- Sorbitol may actually contribute to insulin resistance (13)
Polydextrose is not technically a pure sugar alcohol. It’s made by combining sorbitol and dextrose (aka corn sugar).
It is mostly fiber and has only a mild sweetness compared to sucrose. Polydextrose is usually used in baked goods to add bulk and dietary fiber.
- It’s good for your colon health because it has a similar effect to vegetable fiber. (14)
- It slows down your blood sugar response to carbohydrates. (15)
- It’s not bad for your teeth.
- It produces a laxative effect if too much is eaten. (16)
Xylitol is made of plant fiber and is about as sweet as sucrose but with only two-thirds of the calories. It’s used for more than just sweetening foods – you can also find it in many cosmetics and medicines.
- Xylitol only has a small effect on your blood glucose levels. (17)
- Xylitol is good for your dental health and can prevent cavities. (18)
- Xylitol could potentially prevent osteoporosis by increasing bone density. (19)
- Xylitol could potentially increase the body’s collagen production, and thereby lead to better skin appearance. (20)
- Xylitol could be a useful prebiotic fiber that feeds your beneficial gut bacteria. (21)
- It has a laxative effect.
- It’s highly toxic to dogs. Be sure to keep products containing xylitol out of reach of your furry friends. (22)
Erythritol has almost zero calories and is about three quarters the sweetness of sucrose. It’s great for baking with.
Because it has a slightly minty and cooling taste, it’s often combined with other low-calorie sweeteners. For example, Swerve is a combination of erythritol and oligosaccharides. It’s great for baking with.
- It has the smallest laxative effect when compared to other sugar alcohols (23).
- It has no negative effect on dental health, with some research showing it can actually prevent tooth decay. (24)
- It has no effect on your blood glucose or insulin levels (25).
- Eating large amounts (over 50g) can cause an upset stomach, nausea and (in some rare cases) hives. (26)
- Has a slightly minty taste or cooling effect when eaten.
What Are The Best And Worst Sweeteners To Use On A Keto Diet?
If you’re going to use a sweetener to help you manage your sugar cravings, or if you just want your keto desserts to taste right, I recommend Erythritol, Stevia, or Allulose.
Erythritol causes less digestive issues than other sugar alcohols and it’s easy to use in baked Keto recipes. (I like this brand.)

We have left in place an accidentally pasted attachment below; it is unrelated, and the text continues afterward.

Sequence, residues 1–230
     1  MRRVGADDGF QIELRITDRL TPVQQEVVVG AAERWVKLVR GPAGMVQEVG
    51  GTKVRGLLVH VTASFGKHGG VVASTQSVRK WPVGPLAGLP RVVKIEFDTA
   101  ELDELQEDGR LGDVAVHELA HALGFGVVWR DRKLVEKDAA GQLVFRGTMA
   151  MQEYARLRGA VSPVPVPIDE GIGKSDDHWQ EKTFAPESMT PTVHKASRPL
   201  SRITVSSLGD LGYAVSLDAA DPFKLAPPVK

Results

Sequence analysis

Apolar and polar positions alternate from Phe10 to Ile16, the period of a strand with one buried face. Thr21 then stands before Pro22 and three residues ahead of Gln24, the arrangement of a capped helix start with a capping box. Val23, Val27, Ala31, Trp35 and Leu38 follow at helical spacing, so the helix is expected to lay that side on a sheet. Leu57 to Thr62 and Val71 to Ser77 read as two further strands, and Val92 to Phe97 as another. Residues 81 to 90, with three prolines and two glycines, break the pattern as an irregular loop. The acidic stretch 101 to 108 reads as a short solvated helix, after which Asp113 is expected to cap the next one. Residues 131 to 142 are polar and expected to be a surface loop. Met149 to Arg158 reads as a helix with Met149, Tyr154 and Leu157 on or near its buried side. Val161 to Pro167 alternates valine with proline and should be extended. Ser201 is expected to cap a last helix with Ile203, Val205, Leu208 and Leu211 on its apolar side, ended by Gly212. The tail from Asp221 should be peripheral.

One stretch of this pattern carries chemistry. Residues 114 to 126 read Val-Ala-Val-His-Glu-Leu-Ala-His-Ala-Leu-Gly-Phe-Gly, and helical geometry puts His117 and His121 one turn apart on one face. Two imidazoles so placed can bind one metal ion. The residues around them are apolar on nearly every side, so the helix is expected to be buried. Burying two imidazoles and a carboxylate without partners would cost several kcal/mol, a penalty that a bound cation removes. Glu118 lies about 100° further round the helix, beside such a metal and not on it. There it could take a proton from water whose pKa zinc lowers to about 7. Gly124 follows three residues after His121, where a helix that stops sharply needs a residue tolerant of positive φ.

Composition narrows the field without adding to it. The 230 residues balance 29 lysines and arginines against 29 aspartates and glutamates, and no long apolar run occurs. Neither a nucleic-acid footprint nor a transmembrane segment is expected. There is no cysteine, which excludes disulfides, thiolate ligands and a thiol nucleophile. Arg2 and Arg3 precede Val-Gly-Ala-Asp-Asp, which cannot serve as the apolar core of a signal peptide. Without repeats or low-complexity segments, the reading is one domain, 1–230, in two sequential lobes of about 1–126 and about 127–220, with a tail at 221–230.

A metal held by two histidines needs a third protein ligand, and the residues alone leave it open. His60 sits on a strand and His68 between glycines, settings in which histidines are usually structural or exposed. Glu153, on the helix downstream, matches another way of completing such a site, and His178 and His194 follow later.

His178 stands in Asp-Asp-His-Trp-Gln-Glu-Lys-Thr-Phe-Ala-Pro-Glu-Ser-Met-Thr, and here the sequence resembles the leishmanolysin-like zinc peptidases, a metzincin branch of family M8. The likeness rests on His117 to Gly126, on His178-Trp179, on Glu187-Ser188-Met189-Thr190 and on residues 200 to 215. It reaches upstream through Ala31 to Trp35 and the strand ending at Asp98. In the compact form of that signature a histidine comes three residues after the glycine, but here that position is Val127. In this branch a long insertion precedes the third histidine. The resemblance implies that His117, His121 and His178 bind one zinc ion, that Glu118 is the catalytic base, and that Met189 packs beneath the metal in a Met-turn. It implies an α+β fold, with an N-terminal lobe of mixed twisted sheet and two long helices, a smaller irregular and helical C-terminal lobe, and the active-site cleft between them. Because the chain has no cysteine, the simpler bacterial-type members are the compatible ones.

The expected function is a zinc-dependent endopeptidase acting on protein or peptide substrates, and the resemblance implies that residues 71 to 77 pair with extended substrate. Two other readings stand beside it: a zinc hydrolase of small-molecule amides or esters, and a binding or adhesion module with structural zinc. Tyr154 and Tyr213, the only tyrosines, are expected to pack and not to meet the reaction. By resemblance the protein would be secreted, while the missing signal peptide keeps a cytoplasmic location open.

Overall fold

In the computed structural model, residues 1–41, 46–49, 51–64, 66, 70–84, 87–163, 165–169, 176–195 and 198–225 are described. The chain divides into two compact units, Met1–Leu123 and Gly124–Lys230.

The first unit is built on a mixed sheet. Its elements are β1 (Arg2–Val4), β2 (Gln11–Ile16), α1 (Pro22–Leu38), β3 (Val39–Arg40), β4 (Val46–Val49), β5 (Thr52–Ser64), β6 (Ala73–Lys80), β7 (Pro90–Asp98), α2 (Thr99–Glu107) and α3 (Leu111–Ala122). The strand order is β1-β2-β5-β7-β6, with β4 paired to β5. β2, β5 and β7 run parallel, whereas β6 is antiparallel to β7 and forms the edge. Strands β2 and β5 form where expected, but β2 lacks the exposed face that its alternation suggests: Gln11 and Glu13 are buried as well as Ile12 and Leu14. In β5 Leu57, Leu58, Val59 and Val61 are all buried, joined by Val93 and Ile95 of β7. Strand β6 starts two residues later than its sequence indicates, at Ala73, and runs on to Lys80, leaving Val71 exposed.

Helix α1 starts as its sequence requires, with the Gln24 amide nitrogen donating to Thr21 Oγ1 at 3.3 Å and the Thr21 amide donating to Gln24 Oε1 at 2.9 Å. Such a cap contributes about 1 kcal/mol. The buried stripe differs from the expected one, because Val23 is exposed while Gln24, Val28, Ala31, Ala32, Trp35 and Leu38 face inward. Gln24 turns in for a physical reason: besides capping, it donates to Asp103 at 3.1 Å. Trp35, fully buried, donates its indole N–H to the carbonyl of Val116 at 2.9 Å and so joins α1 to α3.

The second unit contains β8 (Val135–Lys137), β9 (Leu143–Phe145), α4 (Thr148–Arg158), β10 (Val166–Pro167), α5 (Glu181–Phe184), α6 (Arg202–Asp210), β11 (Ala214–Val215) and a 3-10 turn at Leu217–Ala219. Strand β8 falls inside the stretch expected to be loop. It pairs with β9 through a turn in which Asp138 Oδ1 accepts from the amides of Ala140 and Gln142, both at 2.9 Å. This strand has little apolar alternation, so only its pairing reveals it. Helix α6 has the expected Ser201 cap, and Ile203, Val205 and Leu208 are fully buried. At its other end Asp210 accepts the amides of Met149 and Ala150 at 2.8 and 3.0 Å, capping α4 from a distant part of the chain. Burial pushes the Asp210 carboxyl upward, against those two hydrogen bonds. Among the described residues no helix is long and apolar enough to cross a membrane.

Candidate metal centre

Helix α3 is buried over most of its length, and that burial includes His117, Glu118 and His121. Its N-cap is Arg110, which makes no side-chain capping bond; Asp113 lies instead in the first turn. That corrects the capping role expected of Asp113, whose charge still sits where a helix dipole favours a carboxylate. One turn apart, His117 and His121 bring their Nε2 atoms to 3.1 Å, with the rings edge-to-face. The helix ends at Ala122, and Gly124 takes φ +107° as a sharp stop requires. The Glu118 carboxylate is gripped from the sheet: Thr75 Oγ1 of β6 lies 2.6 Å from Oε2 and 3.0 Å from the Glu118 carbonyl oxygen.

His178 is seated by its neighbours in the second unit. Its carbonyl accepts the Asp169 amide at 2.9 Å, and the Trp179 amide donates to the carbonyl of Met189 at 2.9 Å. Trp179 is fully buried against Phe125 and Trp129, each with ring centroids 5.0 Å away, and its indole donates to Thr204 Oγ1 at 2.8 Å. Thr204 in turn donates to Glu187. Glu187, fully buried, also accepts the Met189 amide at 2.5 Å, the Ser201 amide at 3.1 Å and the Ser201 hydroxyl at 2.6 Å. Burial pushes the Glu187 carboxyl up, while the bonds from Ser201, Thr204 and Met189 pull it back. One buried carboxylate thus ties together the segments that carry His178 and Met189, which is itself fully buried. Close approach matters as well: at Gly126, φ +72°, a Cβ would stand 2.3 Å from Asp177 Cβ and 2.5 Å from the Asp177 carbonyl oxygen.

Stevia is an herb, also referred to as “sugar leaf”. Sweeteners made from an extract of stevia leaves are a great low carb alternative to sugar alcohols.
Why? Because stevia contains zero carbs, zero calories, and no nutrients, so you won’t have to worry about counting it as part of your daily carbohydrate allowance.
Plus, you won’t experience any bloating or other digestive distress (as you might with sugar alcohols)!
The main issue with stevia is that it can leave a bitter aftertaste (and some people taste it more than others). One great option is to mix erythritol with stevia and to use strong flavors like cinnamon in the baked goods. This helps to cover up any bitterness.
Interested in trying stevia? Here’s a good brand to try.
Allulose is actually a form of sugar found in trace amounts in foods like maple syrup, figs, raisins, and jackfruit. It can also be manufactured.
Allulose looks, tastes, and caramelizes like sugar. It has no bitter aftertaste, though some report a slight “cooling” effect after eating it.
One of the interesting things about allulose is it’s potential health benefits.
Sometimes allulose is mixed with other sweeteners, but you can buy pure allulose too. Here’s a brand we like.
Want to give these keto sweeteners a try? Take a look at these Keto desserts recipes!
Also watch this podcast with Andress Blackwell, New Orleans’ queen of Swerve to learn about using natural sweeteners – including sugar alcohols – in your Keto recipes.
If you have any questions about sugar alcohols or how to use keto sweeteners, then head over to our keto diet forum.